Smiles, elation, wide eyes, excitement and sheer joy are just some of the emotions that can be seen on the faces of the players each August at the Little League World Series.

It is no different this year, and Major League Baseball (MLB) did its part.

Realizing that it needs to strengthen its future fan base in the game and in an effort to reengage kids with love for the sport, MLB is making a conscientious effort to market to kids.

MLB hosted the third annual MLB Little League Classic Sunday night at BB&T Ballpark at Historic Bowman Field, which sits a mere six miles from the Little League Complex.

The 16 Little League teams began play on Thursday and with each team being guaranteed three games, the Little League Classic was strategically positioned perfectly on Sunday before any of the teams had officially played their respective last games.

Bowman was the 34th stadium that I have seen an MLB game in, and the process of attending the game began over a year ago when I reached out to Scott and Kathie (Johnson) Rosenberg to see how I should go about getting into the game. Kathie is a Belle Vernon graduate.

Scott is the Little League International Director of Public Relations while Kathie plays a prominent role with Dugout, the official mascot of Little League.

The Johnson and Hughes families go back three generations and it was Kathie’s parents, Barb, and the late Herb, who first introduced my parents.

No tickets were made available to the public, so Scott said the best route was to secure a media credential through MLB.

Upon arriving at their house Saturday morning, Kathie and I caught up briefly before we made the six-mile commute to the Little League Complex.

When we parked in a private employee lot above the complex, Kathie and I started walking towards the hill to go down to the employee entrance.

Looking down at the complex and seeing Howard J. Lamade Stadium full, I literally stopped to take in the view.

Kathie laughed at me, quipping at how she is so used to seeing it that she forgot it was my first time there!

The view gave me the sense of being at one of those special places, much like my first time to the Final Four, my initial visit to Cameron Indoor Stadium, the Rose Bowl and WrestleMania.

Upon entering the complex, she began to tell me stories about both stadiums and other things that I should experience.

We went under the stadium and into the well, as it is known, at Lamade.

When watching a LLWS game on TV, the well is behind the padding and fencing along the first and third base lines under the stands.

It was there that Scott and I were able to speak briefly before he had to head back out to his duties.

Kathie introduced me to several Little League employees while some of the personalities that came through were Jennie Finch and Julie Foudy, both of whom were friendly beyond belief.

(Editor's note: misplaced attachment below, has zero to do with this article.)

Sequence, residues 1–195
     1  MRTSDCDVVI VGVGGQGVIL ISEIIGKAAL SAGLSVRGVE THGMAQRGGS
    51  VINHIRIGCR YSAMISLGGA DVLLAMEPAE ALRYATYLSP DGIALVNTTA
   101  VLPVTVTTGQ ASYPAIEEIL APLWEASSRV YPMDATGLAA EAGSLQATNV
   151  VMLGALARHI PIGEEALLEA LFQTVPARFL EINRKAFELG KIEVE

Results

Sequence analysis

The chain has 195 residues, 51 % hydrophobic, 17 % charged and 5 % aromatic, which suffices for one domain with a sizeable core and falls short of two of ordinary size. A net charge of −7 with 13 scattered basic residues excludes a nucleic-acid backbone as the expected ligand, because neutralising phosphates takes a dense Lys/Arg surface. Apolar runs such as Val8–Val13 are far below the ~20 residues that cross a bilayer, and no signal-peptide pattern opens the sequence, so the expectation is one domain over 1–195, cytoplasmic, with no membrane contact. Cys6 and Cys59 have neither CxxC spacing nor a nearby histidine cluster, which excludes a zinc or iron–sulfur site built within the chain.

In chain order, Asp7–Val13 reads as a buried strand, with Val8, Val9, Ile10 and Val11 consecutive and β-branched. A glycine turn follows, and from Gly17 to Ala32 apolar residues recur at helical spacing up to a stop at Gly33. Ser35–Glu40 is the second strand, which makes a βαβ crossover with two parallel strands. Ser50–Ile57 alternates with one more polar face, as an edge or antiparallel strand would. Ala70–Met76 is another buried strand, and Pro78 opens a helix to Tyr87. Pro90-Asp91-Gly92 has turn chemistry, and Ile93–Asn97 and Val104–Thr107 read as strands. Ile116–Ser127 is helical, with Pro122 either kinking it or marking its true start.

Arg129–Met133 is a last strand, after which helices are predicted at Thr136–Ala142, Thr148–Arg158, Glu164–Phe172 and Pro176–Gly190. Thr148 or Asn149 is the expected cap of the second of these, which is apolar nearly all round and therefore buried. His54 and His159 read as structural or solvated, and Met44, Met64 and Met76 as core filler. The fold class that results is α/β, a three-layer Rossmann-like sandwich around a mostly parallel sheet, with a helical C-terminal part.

Just before Kathie had to head out for duties, she introduced me to Sara Thompson, the Director of Softball Development for Little League.

After finishing her post-game duties at the conclusion of the Great Lakes and North East game, Sara was gracious with her time and took me around part of the complex.

The second stadium, Volunteer Stadium, is maybe 75 feet behind Lamade, and it was quite the experience to hear fans at both stadiums cheering at the same time.

Seeing Maddy Freking become only the sixth girl to pitch at the LLWS and then strike out a batter was exciting, but the on-field highlight for me was watching Chofu, the Japanese representative, warm up for its 5-0 win over Mexico, thanks to a tip from Sara!

Between warming up by running in unison step for step to its pregame practice where the team made two mistakes in 10 minutes, it was impressive.

Having seen 14 of the 16 teams over the course of 21 hours, the experience at the Little League complex was something that I will always remember and my only regret was not doing it sooner!

After running into a good friend of mine, Jason Shaffer and his daughter Lucy, I took off for Bowman, as it opened for the media at 1 p.m. on Sunday.

After taking part in pregame interviews with Chris Archer and Clint Hurdle in the makeshift workroom for the media, a massive storm hit around 4 p.m. so I went into the stadium.

As the rain continued, I met up with Kathie and a few of her Little League coworkers while ESPN personalities Tim Kurkjian, Alex Rodriguez and Jessica Mendoza, among others, prepared one section over from us.

When the weather finally broke, I had a little time to walk around the stadium to get a feel for it as well as head down to the field to talk to some of the players.

Bowman provided an intimate setting for the game, and it was great to see players from different teams and different countries hanging out and having fun during the MLB game.

The Classic provided them with memories that will last them a lifetime, much like the entire weekend experience has done for me.

Seeing Bowman filled mostly with the players from the 16 Little League teams and their families, seeing the kids at Lamade sliding down the outfield hill, seeing the families and fans passionately cheering on their kids and teams and seeing the MLB players interact with the Little League players epitomized what is at the root of the sport, and that is little kids having fun with their friends, win or lose.

And who knows.

Maybe someday, one or two of the players here will be the Major Leaguers coming back to play and sharing their recollections as youngsters.

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